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A Scalable Video System & Monetization of Digital Video Assets

Problem

A high-volume web publisher didn’t have the software infrastructure to realize the full potential of its valuable video content.

Solution

Greane Tree Technology built custom software to allow more dynamic display and sophisticated tracking of video assets.

Abstract

An online publisher wishing to monetize its growing collection of unique and influential digital video assets didn’t have the internal capacity to build a scalable solution. Greane Tree Technology built a high availability web application quickly using the right tools for rapid development. Two months after project start, the site was launched. One month after launch, the site was supporting a million views monthly. A year after launch, the site had served up almost 100 million views without any significant outages.

Introduction

The client was well known for their worldwide print and online publications. They had a growing collection of quality digital video assets. They wanted to host the videos on their own site in order to control syndication and monetization of those assets, and they needed video content management capabilities for their editorial team.

Hypotheses

When the client first came to Greane Tree Technology, we discussed their requirements and quickly understood the type of software tooling and high availability infrastructure they’d need for scalable development. We added intermediate project milestones to mitigate the risks inherent in long release cycles. Because the client wanted to explore different user experience designs in order to find the one that maximized engagement, we knew we would have to rapidly iterate over changing requirements. The Agile software development methodology, with its rapid prototyping and short release cycles, was a perfect fit for this situation.

The client was already familiar with building software systems to serve large audiences. They knew they would need scalable design and specialized components. In designing their high availability architecture, it was critical to plan for short and long term scalability goals. Technical spikes, or implementation prototypes, were created to explore and validate scalability and integration goals and acted to inform later stages development. In order to reinforce and experiment with different user experience designs, we held daily and weekly checkpoint meetings to allow the client to provide feedback and guide and validate the direction of the application aesthetics.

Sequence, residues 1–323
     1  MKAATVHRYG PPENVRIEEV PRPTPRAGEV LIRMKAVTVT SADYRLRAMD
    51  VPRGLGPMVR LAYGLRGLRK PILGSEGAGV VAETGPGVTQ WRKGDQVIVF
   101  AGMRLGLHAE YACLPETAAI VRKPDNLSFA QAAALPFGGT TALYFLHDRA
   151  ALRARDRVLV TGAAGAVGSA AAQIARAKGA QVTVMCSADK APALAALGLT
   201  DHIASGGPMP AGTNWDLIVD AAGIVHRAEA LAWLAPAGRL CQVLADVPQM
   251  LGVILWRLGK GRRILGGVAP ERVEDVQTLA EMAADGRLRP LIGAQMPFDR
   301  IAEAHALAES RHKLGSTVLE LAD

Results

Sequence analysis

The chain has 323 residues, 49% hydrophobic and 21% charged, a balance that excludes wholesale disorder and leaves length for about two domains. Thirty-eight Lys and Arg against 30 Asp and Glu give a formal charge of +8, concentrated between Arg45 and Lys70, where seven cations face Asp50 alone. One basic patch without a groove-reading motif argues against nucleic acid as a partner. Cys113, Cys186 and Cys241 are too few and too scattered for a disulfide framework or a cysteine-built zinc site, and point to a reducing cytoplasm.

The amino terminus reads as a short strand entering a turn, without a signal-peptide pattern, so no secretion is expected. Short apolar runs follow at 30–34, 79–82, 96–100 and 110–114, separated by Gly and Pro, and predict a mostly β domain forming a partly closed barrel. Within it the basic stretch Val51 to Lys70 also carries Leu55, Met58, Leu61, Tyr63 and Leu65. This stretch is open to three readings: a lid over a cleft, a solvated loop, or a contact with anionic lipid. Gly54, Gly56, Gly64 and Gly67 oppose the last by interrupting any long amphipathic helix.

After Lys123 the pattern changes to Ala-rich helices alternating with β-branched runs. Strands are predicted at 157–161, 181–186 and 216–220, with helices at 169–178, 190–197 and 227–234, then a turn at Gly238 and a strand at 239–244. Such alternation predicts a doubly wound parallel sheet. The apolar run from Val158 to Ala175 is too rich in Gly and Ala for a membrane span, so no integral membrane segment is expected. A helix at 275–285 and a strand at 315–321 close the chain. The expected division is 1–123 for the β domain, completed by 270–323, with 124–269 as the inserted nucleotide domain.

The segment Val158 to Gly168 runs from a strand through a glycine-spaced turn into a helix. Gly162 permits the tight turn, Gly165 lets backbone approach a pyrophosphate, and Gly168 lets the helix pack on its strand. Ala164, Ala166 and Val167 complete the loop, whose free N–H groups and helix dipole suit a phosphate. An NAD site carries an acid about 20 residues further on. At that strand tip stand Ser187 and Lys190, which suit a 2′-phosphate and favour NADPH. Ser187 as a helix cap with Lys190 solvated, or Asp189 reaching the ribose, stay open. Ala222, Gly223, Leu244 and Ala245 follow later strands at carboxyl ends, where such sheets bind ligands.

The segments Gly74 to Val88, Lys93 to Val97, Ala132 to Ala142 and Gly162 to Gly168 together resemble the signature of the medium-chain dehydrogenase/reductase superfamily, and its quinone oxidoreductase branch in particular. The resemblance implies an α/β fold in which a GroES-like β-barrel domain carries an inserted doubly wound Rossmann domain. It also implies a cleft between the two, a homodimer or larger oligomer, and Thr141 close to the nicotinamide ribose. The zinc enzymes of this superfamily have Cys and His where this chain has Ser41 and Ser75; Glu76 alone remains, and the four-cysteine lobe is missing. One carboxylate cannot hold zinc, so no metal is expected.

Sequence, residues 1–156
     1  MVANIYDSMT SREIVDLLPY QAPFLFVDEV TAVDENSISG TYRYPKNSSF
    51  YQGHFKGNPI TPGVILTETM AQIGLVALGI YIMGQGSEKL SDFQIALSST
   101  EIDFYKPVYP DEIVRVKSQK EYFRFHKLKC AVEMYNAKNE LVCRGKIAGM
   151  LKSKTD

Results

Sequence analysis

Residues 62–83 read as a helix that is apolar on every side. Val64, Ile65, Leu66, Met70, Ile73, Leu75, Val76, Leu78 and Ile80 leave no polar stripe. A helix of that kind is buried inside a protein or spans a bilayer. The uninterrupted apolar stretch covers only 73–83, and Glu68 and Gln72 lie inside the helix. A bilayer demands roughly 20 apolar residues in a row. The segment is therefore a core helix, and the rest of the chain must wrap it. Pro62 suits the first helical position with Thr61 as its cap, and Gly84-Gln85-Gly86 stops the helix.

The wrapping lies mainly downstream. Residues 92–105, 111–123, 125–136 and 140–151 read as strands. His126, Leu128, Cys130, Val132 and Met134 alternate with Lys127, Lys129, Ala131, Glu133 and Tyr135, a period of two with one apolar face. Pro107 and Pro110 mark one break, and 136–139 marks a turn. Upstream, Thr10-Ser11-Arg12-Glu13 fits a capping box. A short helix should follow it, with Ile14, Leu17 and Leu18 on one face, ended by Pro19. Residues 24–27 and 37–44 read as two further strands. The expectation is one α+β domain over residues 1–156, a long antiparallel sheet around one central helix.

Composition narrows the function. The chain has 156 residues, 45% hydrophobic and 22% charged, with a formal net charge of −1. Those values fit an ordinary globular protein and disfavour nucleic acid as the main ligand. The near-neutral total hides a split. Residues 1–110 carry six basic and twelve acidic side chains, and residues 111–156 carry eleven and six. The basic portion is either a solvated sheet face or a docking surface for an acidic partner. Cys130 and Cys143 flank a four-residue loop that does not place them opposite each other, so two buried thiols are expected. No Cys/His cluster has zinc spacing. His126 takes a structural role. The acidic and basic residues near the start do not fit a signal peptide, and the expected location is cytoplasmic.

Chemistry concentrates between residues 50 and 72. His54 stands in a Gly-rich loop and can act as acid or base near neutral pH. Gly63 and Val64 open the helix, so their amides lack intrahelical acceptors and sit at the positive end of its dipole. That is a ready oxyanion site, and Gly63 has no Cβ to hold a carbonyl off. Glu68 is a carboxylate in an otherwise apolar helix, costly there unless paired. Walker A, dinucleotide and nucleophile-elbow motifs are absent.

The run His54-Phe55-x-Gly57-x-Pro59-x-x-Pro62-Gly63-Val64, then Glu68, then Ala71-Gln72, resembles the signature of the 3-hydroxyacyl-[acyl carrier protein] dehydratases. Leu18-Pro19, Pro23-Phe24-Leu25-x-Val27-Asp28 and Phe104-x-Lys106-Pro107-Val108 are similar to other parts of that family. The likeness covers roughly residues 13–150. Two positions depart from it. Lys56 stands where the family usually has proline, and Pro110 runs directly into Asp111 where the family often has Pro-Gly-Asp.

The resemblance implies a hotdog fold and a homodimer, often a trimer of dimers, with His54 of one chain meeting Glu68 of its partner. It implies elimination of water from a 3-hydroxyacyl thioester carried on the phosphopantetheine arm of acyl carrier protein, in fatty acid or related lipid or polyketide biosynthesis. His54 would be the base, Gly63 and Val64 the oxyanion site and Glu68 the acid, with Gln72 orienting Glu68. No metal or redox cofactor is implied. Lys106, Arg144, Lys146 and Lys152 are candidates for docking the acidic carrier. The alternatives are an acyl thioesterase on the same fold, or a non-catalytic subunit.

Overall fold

Implementation

The client knew what they wanted and had a loose “definition of done.” In the spirit of Agile, we kept the number of upfront requirements meetings minimal and leveraged evolutionary design and development disciplines to iterate quickly. This process allowed the client to provide feedback on and experiment with variants of user experience design and application functionality. However, since they wanted a quick turnaround, we consistently worked very closely with them to re-frame and re-prioritize the remaining efforts at each checkpoint. Focusing on the highest priorities first, we were able to give the client the information to make important decisions on critical application features early and refine them as needed. We also allowed them to cut and redefine less important application features in order to attain their most important goals, objectives, and values.

We had several meetings to understand the client’s infrastructure requirements and overall performance growth goals and to determine the tooling and software components that we could use for the application. In order to develop the most robust, scalable, and high availability infrastructure, we created technical spikes to baseline and measure the differences between each architectural approach. The results were compared using different combinations of hand-selected software components to validate our expectations of the run-time behavior and to select the options that would match or exceed the client’s performance goals.

Conclusions

Rapid, scalable development of enterprise video content management capabilities doesn’t have to be a risky venture. By using the Agile development methodology and specially selected, best-of-breed software components, we were able to support our client’s new business model and performance objectives. The editorial team can now manage their own video content and take advantage of new revenue opportunities. Their website traffic is rapidly growing and already supports multiple millions of views weekly.